It began quietly, its performers moving in glacial unison—slow-motion athletic poses, balletic gestures—across the concrete floor of a gallery formerly known as the Lawrimore Project. There were recitations from transcripts of the Manson trials and references to the massacre at Jonestown. It ended in chaos: ash and gold leaf strewn across the floor, pools of honey, people sucking air out of balloons, the tinkle of nitrous oxide canisters hitting the floor, people spinning and talking, one performer wrapping his mouth around a large cast-resin cock while director Ryan Mitchell (his hands covered in dried blood from the leeches he'd set on his arms a few hours prior) doused him with honey. The audience sat in chairs and on the floor. Some people were aggravated and bored. Some were transfixed. If this performance had happened 30 years ago, the artists probably would've been arrested.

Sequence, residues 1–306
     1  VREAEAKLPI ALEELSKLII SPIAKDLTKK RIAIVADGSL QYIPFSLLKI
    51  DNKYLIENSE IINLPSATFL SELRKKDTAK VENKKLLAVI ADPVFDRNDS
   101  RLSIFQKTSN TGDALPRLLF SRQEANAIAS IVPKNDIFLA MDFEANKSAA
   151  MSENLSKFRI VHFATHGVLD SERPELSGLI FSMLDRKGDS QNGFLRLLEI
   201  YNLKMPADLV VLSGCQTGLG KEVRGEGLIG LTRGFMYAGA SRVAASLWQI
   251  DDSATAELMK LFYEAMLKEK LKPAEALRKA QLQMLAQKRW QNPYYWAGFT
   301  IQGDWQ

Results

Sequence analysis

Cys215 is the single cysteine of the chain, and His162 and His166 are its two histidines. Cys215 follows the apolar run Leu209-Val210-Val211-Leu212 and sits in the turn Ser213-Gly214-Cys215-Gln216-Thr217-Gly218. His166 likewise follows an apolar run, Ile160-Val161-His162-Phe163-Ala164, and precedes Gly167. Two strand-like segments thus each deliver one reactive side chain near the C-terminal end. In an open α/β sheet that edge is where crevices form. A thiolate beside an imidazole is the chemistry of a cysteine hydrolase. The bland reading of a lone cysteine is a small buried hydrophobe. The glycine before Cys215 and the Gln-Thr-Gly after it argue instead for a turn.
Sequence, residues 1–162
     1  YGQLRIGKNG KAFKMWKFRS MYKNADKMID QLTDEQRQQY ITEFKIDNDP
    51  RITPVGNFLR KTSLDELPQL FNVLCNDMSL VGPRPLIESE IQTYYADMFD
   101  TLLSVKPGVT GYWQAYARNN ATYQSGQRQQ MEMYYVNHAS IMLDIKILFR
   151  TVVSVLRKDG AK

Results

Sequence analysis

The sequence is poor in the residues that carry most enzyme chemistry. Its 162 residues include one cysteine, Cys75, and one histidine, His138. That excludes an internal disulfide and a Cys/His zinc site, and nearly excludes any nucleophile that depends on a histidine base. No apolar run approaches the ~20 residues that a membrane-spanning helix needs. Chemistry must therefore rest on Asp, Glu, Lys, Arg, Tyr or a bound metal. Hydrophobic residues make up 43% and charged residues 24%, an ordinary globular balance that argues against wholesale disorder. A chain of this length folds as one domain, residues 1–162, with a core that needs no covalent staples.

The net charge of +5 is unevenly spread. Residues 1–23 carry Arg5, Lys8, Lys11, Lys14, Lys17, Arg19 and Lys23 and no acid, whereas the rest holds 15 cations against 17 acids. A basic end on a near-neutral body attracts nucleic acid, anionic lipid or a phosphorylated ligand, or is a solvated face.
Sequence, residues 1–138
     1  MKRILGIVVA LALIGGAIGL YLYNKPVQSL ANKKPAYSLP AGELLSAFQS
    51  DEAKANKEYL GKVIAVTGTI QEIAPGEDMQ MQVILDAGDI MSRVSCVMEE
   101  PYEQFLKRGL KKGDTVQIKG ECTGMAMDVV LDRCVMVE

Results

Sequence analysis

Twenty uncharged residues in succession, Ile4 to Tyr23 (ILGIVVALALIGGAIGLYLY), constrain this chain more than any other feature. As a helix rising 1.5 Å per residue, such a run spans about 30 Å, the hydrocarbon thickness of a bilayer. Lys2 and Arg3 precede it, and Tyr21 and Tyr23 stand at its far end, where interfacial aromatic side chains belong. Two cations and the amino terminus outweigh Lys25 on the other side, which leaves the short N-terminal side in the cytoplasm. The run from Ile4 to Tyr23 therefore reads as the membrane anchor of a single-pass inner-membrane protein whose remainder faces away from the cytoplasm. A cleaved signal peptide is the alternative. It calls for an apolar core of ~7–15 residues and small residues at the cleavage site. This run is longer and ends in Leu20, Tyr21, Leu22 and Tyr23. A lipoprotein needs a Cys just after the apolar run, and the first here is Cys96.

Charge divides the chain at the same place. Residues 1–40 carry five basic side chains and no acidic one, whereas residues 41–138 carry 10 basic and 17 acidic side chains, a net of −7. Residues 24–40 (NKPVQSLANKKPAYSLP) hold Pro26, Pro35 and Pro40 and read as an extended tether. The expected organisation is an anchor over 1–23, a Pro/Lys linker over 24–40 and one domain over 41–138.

But this wasn't really a performance. It wasn't a rehearsal, either. It was too tense and grim to qualify as a party. There weren't tickets, only invitations and suggested donations. This thing was just a sketch by a new entity called Saint Genet, which includes dancers, performers, and designers previously affiliated with Implied Violence and the Free Sheep Foundation.

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From what I can tell by talking to its members, Saint Genet is struggling to figure out what it is—a company, a cult, or a nothing. They'll present new "aesthetic propositions" at Lawrimore Project (Friday of this week, Thursday and Friday of next week). God only knows what they're moving toward.

Or maybe the devil knows better. recommended